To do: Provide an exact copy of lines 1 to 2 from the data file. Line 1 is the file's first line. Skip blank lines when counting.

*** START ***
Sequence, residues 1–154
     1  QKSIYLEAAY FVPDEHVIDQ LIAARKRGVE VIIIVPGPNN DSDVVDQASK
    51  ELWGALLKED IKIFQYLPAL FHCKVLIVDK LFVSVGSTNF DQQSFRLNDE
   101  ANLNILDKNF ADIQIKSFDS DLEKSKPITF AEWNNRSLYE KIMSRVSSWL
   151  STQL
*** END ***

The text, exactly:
Sequence, residues 1–154
     1  QKSIYLEAAY FVPDEHVIDQ LIAARKRGVE VIIIVPGPNN DSDVVDQASK